Electronic Fund Transfer Act (EFTA):

The EFTA protects electronic payments that are deducted from bank accounts. If a company took unauthorized deductions from your bank account, you may have an EFTA claim. Most collection agencies want to set up re-occurring payments from consumers. Imagine how much money collection agencies gets if hundreds, if not thousands, of consumers electronically pay them $50-$100, or more, per month. If you a consumer agreed to this type of re-occurring payment, the company must follow certain steps to comply with the EFTA. The EFTA allows for statutory damages up to $1,000.00 and actual damages for the payments made. The EFTA also has a fee-shift provision. This means, the company pays the consumer’s attorney’s fees and costs.

Fair Credit Reporting Act (FCRA):

The FCRA works to ensure that no information reported to your credit report is false. In essence, it gives you the right to dispute those inaccuracies that you find on your credit report. Are you one of the 40 million Americans that have a mistake on their credit report? Mistakes on your credit report can be very costly. Along with causing you to pay higher interest rates, you may be denied credit, insurance, a rental home, a loan, or even a job because of these mistakes. Some mistakes may include someone else’s information on your credit report, inaccurate public records, stale collection accounts, or maybe you were a victim of identity theft. If a credit reporting agency violates its obligations under the FCRA, you may be entitled to statutory damages up to $1,000.00, plus the credit reporting agency will be required to fix the error. The FCRA also has a fee-shift provision. This means, the credit reporting agency pays the consumer’s attorney’s fees and costs.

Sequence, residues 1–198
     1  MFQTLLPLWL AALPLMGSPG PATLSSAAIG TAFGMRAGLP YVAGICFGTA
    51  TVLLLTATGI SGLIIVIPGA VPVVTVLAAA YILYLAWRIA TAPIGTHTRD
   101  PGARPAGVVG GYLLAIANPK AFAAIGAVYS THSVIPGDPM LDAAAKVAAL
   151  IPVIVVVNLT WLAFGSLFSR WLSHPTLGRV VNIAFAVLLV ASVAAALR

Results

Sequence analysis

Under the FCRA, you have a legal right to dispute and remove inaccurate information from your credit report. These inaccuracies come in three common forms:

  1. Wrong information – Untrue information such as criminal records, driving records, accounts you did not open, mixed or merged files with someone else’s information (such as a family member or someone with the same name), judgments for lawsuits which didn’t involve you, or debts you did not incur can be permanently removed from your credit report.

  2. Duplicate information – Some accounts or transactions may be listed more than once in your credit report, and it’s helpful to ensure that your report is duplicate-free to avoid appearing to have more debt or credit-related problems than you do.

  3. Old and negative information – Most types of outdated negative credit information, such as foreclosures, judgments, liens, lawsuits, and bankruptcy, can be removed after about seven years.

Submitted Comments

2 years ago
I was contacted by American Legal recovery on behalf of my mother debts via telephone. They kept on asking almost on the daily basis for so many credit cards debts which not have been verified whether some of these debts were part of an identity theft only until I notices that the number of card debts exceed more than 30 credit cards. They also told me that my mother was in a protected R7 and identity fraud program but still keep asking me to pay more debts on behalf of my mother. Also, they accept credit card payments at first then gradually ask me to wire the money via western union and money gram. I wanted to know if they have violated any law while trying to collect my mother debts.
1 year ago
I just got a notice that I have a debt from Nelson Cruz and associates for over $2000 and I have no idea what it’s for but they have called me so many times that I don’t even answer anymore. I’ve been harassed by telephone calls from debt collectors for years now ever since my data, it was leaked on the Internet.
1 year ago